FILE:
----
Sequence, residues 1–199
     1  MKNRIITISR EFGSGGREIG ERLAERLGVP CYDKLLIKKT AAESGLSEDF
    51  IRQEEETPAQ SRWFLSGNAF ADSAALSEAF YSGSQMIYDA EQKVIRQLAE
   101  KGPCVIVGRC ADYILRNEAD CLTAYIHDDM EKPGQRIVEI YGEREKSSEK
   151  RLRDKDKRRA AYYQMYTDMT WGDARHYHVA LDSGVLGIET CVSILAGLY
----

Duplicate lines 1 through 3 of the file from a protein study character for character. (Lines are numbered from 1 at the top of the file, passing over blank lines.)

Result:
Sequence, residues 1–199
     1  MKNRIITISR EFGSGGREIG ERLAERLGVP CYDKLLIKKT AAESGLSEDF
    51  IRQEEETPAQ SRWFLSGNAF ADSAALSEAF YSGSQMIYDA EQKVIRQLAE